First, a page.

Studies have shown that reducing therapeutic inertia number results in improved patient outcomes and better-managed care, and we can see this measurement of treatment being applied to all chronic conditions as a whole. In fact, studies have found that reducing therapeutic inertia is crucial in order to more effectively control hypertension in over 50% of patients. This also is observed to be a significant issue in treating type 2 diabetes. However, this aversion to changing therapies and trying new medicines or treatments is broader than the metabolic conditions in which it has been directly studied.

The Risk May Be in Sticking with the Status Quo

The healthcare industry is risk-averse for understandable reasons: when patient health is at stake, the risks of new tools, treatments, and operating workflows can seem to outweigh the benefits. However, many new tools are aimed at reducing medical error, which is currently listed as the third leading cause of death in the United States, just behind heart disease and cancer. Death due to a medical error can be caused by simple mistakes, errors in judgment, or system defects, including computer breakdowns. With medical errors causing up to 440,000 deaths per year, technical innovations are needed to help limit human and system errors that could be fatal.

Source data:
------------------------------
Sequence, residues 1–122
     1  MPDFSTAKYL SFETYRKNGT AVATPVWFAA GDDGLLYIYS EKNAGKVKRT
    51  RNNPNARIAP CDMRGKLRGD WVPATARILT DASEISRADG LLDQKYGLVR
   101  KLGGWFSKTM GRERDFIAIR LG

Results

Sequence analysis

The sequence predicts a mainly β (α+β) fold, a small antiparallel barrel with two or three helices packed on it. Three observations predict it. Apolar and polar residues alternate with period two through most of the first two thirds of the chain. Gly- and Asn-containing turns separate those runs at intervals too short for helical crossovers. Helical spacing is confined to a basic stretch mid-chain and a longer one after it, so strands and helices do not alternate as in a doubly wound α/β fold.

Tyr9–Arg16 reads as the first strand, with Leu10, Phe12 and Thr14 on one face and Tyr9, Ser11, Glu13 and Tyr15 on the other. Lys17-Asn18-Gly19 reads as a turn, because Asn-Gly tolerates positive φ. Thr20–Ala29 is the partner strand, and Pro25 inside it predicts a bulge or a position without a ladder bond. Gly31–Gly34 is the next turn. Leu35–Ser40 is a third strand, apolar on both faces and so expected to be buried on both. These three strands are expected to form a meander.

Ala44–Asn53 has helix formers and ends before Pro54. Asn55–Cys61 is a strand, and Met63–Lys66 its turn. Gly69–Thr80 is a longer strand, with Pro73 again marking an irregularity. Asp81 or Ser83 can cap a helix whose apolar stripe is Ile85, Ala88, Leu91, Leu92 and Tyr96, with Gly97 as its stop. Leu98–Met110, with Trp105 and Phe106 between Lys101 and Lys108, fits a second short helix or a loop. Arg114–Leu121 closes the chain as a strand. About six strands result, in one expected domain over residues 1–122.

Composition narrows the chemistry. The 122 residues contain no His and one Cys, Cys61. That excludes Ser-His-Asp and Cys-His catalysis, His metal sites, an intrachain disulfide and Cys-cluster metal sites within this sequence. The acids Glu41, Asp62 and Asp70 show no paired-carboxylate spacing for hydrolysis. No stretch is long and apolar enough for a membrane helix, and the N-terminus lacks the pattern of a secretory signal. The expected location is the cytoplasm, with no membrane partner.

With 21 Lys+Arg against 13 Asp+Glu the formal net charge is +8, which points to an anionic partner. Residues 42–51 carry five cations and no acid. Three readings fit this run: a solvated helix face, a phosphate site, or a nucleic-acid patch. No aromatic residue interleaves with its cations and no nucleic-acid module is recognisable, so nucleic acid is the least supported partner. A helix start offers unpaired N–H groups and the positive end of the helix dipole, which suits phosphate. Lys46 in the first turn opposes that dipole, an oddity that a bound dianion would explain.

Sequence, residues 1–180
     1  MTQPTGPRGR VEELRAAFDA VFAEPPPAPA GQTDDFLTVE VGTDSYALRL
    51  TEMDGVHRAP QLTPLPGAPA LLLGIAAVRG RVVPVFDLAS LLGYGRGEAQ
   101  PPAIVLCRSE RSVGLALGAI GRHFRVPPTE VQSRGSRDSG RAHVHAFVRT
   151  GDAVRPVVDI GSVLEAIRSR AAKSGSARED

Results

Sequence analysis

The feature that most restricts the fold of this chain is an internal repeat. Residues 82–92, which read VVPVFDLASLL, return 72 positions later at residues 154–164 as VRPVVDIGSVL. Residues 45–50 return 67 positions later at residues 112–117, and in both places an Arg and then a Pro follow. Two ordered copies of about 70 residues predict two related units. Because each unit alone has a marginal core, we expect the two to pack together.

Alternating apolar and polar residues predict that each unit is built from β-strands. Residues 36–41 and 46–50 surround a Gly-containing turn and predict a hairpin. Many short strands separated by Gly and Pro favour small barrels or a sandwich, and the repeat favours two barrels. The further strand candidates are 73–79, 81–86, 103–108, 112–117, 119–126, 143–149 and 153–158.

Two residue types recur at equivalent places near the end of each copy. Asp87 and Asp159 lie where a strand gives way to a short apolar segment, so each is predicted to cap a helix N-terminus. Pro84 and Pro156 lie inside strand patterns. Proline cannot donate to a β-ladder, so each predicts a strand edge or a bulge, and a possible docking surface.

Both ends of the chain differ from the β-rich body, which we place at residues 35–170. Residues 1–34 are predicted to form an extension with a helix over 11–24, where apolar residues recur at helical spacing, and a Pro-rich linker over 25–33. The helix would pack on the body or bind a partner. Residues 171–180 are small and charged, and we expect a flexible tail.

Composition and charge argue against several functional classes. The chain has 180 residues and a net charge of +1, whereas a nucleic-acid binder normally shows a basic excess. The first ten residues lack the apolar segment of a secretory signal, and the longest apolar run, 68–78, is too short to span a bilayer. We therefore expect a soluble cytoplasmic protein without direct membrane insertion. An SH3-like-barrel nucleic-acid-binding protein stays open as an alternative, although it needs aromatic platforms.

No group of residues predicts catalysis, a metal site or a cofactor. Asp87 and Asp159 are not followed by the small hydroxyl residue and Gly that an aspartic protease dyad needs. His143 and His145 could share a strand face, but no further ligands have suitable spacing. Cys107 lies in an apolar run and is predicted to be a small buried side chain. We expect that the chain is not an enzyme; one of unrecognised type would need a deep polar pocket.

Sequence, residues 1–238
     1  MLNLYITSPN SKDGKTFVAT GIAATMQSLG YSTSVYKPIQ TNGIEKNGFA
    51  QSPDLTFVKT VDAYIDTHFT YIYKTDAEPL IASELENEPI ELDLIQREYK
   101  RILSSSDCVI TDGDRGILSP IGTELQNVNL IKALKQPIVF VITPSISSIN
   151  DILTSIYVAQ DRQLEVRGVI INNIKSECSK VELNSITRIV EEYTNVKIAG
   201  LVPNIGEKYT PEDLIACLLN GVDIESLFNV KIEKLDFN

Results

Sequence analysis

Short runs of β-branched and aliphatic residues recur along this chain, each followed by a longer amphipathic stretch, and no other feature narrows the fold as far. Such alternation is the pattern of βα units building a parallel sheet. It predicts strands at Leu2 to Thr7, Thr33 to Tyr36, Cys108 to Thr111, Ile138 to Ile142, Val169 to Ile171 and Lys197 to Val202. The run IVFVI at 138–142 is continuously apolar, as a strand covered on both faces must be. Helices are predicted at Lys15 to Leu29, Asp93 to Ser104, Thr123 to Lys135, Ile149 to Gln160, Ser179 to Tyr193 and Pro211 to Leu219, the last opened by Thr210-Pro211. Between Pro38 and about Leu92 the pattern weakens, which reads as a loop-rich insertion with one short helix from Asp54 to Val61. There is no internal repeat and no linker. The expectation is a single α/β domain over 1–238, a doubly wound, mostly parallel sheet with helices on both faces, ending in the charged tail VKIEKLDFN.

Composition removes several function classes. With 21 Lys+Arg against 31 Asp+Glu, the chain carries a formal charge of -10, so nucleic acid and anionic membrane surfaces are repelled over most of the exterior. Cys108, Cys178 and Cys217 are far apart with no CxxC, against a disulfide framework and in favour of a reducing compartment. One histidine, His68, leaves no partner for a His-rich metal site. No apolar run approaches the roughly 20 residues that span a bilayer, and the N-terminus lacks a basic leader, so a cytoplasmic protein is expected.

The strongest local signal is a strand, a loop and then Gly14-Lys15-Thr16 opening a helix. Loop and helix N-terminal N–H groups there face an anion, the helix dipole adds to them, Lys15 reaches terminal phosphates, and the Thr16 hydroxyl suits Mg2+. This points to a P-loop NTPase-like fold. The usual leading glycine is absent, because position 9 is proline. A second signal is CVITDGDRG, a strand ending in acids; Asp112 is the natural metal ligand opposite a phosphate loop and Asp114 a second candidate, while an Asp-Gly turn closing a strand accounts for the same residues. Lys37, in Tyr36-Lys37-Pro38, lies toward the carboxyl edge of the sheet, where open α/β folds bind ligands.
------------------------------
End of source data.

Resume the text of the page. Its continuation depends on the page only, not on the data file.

Using Technology for Early Intervention

It’s known that earlier intervention and advancements are better for patients’ overall outcomes. And, while healthcare practitioners naturally turn to their own clinical experience to make decisions on how to treat their patients, turning to artificial intelligence-based technology that synthesizes a broader pool of experience to help them in their work has proven to be quite effective.

A recent study presented at the 2019 ASCO Annual Meeting showed that physicians changed their treatment decisions in 13.6% of cases after being presented treatment recommendations from IBM’s Watson for Oncology tool. Diving deeper, of those that changed their decisions, more than half did so because the innovative technology provided more up-to-date, evidence-based information on newer treatments compared to their own individual knowledge. Having artificial intelligence to help reduce healthcare practitioners’ errors in judgment leads them to perform their duties to the best of their abilities. This is a game-changer in treating all types of ailments effectively and efficiently.

Preparing for Value-Based Care

Investment in innovative technologies gives modern healthcare organizations an edge as they prepare for value-based care models. Although most clinics run on a pay-per-visit model currently, the transition to value-based care will require maximum efficiency and effectiveness.

Tracking and working to reduce therapeutic inertia will also push healthcare providers to adapt faster and make iterative improvements to patients’ treatments plan.

With the stakes so high, providers have a good reason to be risk-averse. However, if this risk aversion is taken too far, it can impede innovation, ultimately resulting in harm to the patients that healthcare providers are trying to protect.